In an opinion issued Wednesday, a judge for the US District Court for the Southern District of New York blasted federal prosecutors for withholding potentially exculpatory evidence in a case involving an alleged violation of US sanction laws against Iran.
The case centered around Ali Sadr Hashemi Nejad, an Iranian businessman who was accused of funneling millions of dollars through the US financial systems in violation of US sanctions laws against Iran. Sadr was found guilty of the offenses charged in March 2020, but his conviction was vacated and the case dismissed later on because of the prosecution’s repeated failure to disclose and turn over potentially exculpatory evidence to the defense in a timely manner.
In a 42-page-long opinion, Nathan reprimanded the federal prosecutors involved in the case for disclosing evidence late during trial, including a few instances where they disclosed evidence after the trial had ended, and for subsequently lying to the Court about it.
She particularly condemned the prosecutors’ misconduct as to one piece of evidence that the prosecutors attempted to “bury” along with other already-disclosed evidence in hopes the defense would not realize the prosecutors’ failure to turn over the evidence earlier.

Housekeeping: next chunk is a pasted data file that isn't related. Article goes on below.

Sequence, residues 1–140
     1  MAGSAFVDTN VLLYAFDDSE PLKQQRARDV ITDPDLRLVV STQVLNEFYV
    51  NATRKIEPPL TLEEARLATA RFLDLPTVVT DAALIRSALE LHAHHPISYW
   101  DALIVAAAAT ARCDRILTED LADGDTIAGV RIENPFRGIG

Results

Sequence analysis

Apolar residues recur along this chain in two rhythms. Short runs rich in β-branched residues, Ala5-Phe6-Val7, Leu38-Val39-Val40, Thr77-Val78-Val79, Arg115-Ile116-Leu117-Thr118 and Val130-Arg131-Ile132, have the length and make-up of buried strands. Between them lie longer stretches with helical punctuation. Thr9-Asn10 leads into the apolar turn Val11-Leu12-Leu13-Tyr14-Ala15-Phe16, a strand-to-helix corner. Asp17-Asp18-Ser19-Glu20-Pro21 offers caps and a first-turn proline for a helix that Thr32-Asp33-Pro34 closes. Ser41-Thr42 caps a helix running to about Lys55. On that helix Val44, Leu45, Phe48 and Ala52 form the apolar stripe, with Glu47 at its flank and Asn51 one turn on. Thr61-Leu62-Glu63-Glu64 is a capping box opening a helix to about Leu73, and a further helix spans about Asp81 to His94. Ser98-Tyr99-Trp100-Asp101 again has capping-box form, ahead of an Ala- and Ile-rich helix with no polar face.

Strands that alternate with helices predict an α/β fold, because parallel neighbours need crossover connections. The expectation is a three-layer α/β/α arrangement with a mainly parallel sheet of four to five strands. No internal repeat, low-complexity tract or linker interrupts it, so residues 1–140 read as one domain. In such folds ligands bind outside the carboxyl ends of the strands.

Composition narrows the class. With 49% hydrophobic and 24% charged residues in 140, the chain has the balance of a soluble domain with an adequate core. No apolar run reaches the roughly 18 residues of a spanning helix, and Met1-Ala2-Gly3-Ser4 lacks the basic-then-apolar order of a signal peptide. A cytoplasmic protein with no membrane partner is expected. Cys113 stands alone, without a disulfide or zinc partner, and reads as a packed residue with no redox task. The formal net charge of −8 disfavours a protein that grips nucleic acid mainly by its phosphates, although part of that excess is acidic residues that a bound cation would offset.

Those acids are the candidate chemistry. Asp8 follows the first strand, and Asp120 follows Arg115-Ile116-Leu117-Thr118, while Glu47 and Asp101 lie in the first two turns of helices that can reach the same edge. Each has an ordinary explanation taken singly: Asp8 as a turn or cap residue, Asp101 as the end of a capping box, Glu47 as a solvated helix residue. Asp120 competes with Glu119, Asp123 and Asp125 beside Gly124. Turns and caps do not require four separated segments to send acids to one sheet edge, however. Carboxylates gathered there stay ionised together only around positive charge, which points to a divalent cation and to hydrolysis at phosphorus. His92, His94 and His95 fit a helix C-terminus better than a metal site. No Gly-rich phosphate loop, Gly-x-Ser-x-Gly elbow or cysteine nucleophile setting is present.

“The cost of such Government misconduct is high,” she wrote. “[W]ith each misstep, the public faith in the criminal-justice system further erodes.”
Nathan ordered all federal prosecutors for the Southern District of New York to read the opinion and submit a declaration affirming that they have read the opinion by September 23, 2020.
She also alluded to the possibility that there could be sanctions against the prosecutors, writing:
It is the fervent hope of the Court that no sanctions are necessary. But it is the firm view of the Court that if Government lawyers acted in bad faith by knowingly withholding exculpatory material from the defense or intentionally made a misleading statement to the Court, then some sanction or referral to the Grievance Committee of the Southern District of New York would be appropriate.